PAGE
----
UN Watch, GENEVA, October 15, 2020 — United Nations Watch, the Geneva-based non-governmental human rights organization, announced today that Shaparak Shajarizadeh, who was jailed and beaten in Iran for removing her headscarf in public protest, will receive the Swiss organization’s highest human rights award at the 2020 UN Watch Online Gala on November 1.

“Shaparak Shajarizadeh was chosen for her fearless defense of the rights of women, for which she was brutalized,” said Hillel Neuer, executive director of the Geneva-based non-governmental human rights organization. “Her mission to defend the human dignity and equal rights of women in Iran has never been more vital.”

“I am greatly honored to receive this award from UN Watch,” said Shajarizadeh. “This important international recognition makes me feel more encouraged to continue my small share of changing the world on behalf of the brave Iranian women, and women all around the world, who are risking their lives each day to seize their dignity, fight for equality, and defend human rights.”

Leader in Iranian Women’s Civil Disobedience Movement

Shajarizadeh became a leader in the “Girls of Revolution Street” and White Wednesday civil disobedience movements, protesting Iran’s compulsory hijab laws.

She was arrested by the regime for taking off and waving her white headscarf in public, as part of a women’s rights protest that caused a social media storm.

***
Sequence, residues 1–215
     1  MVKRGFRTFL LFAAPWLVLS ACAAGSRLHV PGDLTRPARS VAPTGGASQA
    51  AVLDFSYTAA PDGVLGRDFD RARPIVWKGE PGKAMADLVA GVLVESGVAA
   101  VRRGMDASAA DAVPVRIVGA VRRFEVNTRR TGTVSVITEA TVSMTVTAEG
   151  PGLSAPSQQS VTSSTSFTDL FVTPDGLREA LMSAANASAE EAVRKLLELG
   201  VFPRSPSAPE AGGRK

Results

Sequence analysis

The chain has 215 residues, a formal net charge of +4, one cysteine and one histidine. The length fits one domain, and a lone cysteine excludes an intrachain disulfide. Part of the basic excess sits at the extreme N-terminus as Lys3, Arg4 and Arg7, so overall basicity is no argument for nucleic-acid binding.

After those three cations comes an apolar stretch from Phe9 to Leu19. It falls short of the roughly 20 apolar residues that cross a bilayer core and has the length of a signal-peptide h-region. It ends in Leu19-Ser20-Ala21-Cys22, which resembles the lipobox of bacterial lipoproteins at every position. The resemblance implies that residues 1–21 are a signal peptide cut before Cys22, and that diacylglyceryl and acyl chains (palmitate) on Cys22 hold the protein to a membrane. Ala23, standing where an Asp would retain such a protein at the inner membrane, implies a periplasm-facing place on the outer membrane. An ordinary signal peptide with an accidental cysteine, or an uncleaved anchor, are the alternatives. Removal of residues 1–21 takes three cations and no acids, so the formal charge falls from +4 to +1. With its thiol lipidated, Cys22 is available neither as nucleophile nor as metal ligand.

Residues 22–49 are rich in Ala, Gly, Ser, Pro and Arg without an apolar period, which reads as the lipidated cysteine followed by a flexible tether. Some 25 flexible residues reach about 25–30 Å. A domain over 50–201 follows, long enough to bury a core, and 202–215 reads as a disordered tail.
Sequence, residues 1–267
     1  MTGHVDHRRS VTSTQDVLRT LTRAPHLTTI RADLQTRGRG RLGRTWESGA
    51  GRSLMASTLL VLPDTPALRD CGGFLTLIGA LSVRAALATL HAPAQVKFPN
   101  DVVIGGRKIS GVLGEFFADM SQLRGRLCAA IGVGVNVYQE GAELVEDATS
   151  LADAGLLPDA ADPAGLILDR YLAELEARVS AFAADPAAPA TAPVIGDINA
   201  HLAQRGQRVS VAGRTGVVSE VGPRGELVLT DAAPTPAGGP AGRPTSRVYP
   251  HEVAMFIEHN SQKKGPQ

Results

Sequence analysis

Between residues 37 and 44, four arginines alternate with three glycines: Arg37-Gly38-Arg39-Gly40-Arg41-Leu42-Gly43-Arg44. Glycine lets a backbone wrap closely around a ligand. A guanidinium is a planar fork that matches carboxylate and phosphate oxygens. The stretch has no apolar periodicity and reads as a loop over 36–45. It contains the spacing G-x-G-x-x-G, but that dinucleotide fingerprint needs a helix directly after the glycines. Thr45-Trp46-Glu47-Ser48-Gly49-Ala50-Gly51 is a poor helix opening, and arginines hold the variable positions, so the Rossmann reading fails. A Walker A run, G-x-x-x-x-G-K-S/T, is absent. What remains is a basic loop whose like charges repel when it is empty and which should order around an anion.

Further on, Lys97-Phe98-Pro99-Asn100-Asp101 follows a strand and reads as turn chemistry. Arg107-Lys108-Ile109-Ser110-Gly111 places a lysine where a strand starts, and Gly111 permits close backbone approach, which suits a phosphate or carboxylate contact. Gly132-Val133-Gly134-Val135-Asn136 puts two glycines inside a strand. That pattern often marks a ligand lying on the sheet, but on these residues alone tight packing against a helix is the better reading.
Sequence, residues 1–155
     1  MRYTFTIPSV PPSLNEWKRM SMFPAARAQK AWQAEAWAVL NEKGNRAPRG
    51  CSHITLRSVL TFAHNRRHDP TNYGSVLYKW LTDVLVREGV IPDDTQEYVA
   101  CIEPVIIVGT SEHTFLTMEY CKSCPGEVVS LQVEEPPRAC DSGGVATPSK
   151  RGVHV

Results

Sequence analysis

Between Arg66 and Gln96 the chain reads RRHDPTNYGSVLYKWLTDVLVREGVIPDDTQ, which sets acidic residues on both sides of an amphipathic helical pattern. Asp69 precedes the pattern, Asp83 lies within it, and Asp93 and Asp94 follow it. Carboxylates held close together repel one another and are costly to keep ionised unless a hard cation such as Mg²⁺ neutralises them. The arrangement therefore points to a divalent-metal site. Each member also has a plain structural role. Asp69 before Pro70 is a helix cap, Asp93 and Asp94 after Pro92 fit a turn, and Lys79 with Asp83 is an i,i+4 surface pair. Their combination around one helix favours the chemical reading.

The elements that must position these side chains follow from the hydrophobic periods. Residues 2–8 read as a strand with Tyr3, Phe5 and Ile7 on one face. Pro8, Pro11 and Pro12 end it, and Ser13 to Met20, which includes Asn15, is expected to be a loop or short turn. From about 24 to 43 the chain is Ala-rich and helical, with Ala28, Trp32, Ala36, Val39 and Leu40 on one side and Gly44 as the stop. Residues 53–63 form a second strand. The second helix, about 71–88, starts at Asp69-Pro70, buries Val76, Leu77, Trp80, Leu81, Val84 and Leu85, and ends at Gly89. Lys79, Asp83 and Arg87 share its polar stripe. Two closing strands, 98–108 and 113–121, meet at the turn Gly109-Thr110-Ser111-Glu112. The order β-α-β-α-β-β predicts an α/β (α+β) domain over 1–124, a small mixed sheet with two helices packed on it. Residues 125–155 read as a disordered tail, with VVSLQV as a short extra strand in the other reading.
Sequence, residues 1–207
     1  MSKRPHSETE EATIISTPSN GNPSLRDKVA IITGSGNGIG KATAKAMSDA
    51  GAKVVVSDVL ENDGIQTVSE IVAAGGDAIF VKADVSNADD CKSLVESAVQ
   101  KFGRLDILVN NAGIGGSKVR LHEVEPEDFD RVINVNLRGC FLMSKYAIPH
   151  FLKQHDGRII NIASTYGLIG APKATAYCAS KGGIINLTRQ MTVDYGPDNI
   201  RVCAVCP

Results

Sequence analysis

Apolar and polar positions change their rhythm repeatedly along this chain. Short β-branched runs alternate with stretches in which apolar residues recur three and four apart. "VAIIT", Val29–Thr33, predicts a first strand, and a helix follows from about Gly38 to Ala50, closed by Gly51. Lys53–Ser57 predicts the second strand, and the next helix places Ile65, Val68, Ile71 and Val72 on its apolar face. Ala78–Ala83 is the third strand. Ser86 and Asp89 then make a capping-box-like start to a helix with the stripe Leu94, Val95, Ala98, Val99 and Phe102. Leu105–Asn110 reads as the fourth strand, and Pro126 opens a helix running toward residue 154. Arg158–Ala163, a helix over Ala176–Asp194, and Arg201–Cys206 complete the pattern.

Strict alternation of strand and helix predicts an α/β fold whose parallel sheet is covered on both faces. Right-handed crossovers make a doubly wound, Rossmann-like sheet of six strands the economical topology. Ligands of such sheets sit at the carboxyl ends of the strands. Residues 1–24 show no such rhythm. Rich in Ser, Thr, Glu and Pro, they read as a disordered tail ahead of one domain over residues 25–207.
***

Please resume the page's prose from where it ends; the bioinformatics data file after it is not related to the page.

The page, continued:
Released from prison, Shajarizadeh managed to escape the country, crossing the mountains into Turkey on foot.

Today she lives in Toronto, where she continues to fight against Iran’s discrimination of women, testifying at the Canadian Parliament and campaigning at public events and on social media.

Shajarizadeh is a Senior Fellow at the Raoul Wallenberg Centre for Human Rights, and recently co-authored a book in French about her struggle, “Freedom is Not A Crime.”

In 2018, she was named by the BBC as one of the 100 most inspiring and influential women around the world.

Earlier this year, she called out Iran’s abuses at the 47-nation UN Human Rights Council, in testimony organized by UN Watch. 

Shajarizadeh has been outspoken in Time magazine and elsewhere on behalf of her lawyer Nasrin Sotoudeh — currently imprisoned in Iran on a 38-year sentence for representing women opposed to the compulsory hijab — whom Shajarizadeh credits with having saved her life.

Morris Abram Award & UN Watch

The award, which is UN Watch’s highest human rights distinction, commemorates the legacy of UN Watch’s founder, the late Ambassador Morris Abram, a pioneering civil rights advocate, diplomat and UN delegate, who in 1963 helped win the landmark U.S. Supreme Court case that granted equality to the votes of African-Americans.

Previous winners of the prestigious prize include Cuban dissident Rosa María Payá; Turkish journalist Yavuz Baydar; Chinese dissident Yang Jianli; Antonio Ledezma, the Mayor of Caracas and former political prisoner; Russian dissident and world chess champion Garry Kasparov; Dr. Massouda Jalal, Afghanistan’s first Minister for Women’s Affairs; and Esther Mujawayo, an activist for victims of the genocide in Rwanda.

UN Watch organizes the annual Geneva Summit for Human Rights and Democracy, a key gathering for dissidents, and brings victims to testify before the United Nations Human Rights Council, including victims from China, Cuba, Egypt, Libya, North Korea, Syria, Sudan and Venezuela.

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